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Glove Day tour makes final stop with Rockies

Special to MLB.com

SCOTTSDALE, Ariz. -- The Rockies were the last stop on Wilson's 15-club "Glove Day" tour through the Cactus League, but judging by the constant thumping sounds throughout the training facility as players eagerly took to breaking in their new gloves, the wait was well worth it.

Glove guru Shigeaki Aso was there to meet more than a dozen Rockies players and prospects who have deals with Wilson, and he worked with each of them to fit them with a glove that fits their needs and provide insight on how best to break in and care for the gloves.

SCOTTSDALE, Ariz. -- The Rockies were the last stop on Wilson's 15-club "Glove Day" tour through the Cactus League, but judging by the constant thumping sounds throughout the training facility as players eagerly took to breaking in their new gloves, the wait was well worth it.

Glove guru Shigeaki Aso was there to meet more than a dozen Rockies players and prospects who have deals with Wilson, and he worked with each of them to fit them with a glove that fits their needs and provide insight on how best to break in and care for the gloves.

For first-base hopeful Ryan McMahon, he looks forward to Wilson's arrival and the comfortable feel of their mitts.

"I trust them to bring good gloves, and I usually like the 2K, so as soon as I saw it, I said, 'That's the one I'm getting,'" McMahon said.

• Rockies Spring Training: Info | Tickets | Schedule

MLB Pipeline's No. 1 Rockies prospect, Brendan Rodgers, took another route, asking for some custom features that would help his glove stand out the way he hopes his spring performance stands out in a crowded Colorado camp -- a bright blue infielder's glove with a couple of personal touches.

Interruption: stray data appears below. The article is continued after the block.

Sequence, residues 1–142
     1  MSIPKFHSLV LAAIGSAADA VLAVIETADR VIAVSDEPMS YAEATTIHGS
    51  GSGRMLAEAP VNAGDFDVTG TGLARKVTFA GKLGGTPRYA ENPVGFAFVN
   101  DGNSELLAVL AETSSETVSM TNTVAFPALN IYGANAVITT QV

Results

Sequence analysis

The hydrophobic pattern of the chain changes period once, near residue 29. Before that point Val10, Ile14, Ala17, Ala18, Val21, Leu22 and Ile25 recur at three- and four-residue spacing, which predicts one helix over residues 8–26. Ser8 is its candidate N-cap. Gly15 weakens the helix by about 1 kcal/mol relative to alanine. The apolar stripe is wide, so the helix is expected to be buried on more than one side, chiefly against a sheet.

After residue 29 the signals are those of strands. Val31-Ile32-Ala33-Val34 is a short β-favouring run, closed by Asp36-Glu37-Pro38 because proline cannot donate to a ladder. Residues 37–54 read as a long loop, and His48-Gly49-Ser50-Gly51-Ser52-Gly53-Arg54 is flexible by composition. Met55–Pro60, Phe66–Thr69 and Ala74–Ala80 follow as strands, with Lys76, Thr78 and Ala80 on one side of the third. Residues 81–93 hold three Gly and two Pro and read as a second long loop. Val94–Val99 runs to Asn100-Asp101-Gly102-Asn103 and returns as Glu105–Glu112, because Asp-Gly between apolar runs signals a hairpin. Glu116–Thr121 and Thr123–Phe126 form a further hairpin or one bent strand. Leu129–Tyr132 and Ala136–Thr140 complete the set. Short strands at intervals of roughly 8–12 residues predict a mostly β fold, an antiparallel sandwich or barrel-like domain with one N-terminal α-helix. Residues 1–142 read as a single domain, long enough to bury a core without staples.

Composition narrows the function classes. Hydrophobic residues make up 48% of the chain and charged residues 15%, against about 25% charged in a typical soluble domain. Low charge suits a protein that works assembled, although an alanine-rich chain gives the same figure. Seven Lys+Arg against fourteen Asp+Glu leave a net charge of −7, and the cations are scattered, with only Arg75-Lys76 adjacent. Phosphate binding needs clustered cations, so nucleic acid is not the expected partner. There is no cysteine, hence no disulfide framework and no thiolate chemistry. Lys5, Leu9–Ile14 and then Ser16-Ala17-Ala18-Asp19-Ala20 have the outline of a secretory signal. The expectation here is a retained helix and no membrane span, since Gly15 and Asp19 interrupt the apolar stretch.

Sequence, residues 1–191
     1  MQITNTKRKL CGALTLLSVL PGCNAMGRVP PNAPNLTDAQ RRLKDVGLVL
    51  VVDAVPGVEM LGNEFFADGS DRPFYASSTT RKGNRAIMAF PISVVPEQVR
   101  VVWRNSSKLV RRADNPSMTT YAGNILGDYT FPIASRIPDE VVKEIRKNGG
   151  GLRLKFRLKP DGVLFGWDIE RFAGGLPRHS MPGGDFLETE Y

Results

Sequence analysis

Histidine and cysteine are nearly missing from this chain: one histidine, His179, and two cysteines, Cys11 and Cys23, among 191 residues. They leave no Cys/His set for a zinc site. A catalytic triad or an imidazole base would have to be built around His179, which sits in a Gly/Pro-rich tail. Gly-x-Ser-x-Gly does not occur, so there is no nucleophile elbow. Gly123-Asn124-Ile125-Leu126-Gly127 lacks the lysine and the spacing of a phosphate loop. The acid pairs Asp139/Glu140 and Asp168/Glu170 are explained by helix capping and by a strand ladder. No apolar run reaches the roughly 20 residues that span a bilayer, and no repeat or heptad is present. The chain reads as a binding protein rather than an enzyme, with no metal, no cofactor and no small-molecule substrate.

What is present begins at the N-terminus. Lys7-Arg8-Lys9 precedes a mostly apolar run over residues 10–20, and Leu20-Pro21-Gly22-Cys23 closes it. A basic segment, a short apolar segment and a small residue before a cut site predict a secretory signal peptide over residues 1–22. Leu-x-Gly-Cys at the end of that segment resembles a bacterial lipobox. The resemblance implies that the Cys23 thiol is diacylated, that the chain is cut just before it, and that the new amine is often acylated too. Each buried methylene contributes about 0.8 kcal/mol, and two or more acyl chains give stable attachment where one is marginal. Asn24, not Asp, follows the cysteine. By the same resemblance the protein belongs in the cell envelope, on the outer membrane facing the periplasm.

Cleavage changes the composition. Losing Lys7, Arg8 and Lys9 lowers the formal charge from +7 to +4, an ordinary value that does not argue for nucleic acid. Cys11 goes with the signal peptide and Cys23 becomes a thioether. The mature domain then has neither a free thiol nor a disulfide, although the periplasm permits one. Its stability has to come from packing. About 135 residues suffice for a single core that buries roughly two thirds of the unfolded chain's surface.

"I kind of wanted a glove out of the ordinary," Rodgers said. "I put 'Skinner Strong' on it. That's my buddy [Joe Skinner] who passed away from cancer two years ago. I have a tattoo in honor of him, so I put it on my glove. I have it on my bat. I thought it would be nice to have that."

Rodgers and Skinner grew up playing baseball together from about age 12 until his death at age 17. That kind of touch accentuates how personal a player's glove can be -- ultimately the most individualized and enduring piece of equipment they rely on every day.

"I beat on it all day, as much as I can," Rodgers said of his habits when breaking in a glove. "Catch balls with it, play catch with it, warm up, do pretty much everything I can with it."

Most of the custom requests are along those lines, essentially "cosmetic," as Aso puts it, but he constantly culls feedback from players as he works to design every professional model Wilson glove.

"For a catcher's mitt, I talked with Ivan Rodriguez, and he doesn't like a plastic piece for a thumb guard," Aso recalled. "He said we need to implement something on the catcher's mitt, so I put a special [leather] piece in. Then the thumb will not break."

In starting pitcher Kyle Freeland's case, the glove he wears is a family affair. He put in some custom requests, scattering in some Rockies purple highlights and having his name embroidered on the glove, but otherwise, he has a tried and true preference.

"My dad actually has an original Wilson A2000 that he'll still play catch with," Freeland said. "He turned me on to it when I was young, and I've been using it ever since. Every glove I've played with has been an A2000. I haven't had this model with this webbing. I've had the Clayton Kershaw one before and the trapeze webbing, but this is new to me."

Though they'll experiment with minor changes and the occasional bold cosmetic, ultimately these players keep coming back to Wilson for the familiar comfort it gives them as they approach their job.

"I'm confident with it," catcher Tom Murphy said of his Wilson 1790. "I always feel like I have a good chance with that glove in my hand, so it's an easy decision for me."

Owen Perkins is a contributor to MLB.com.

Colorado Rockies, Kyle Freeland, Ryan McMahon, Tom Murphy, Brendan Rodgers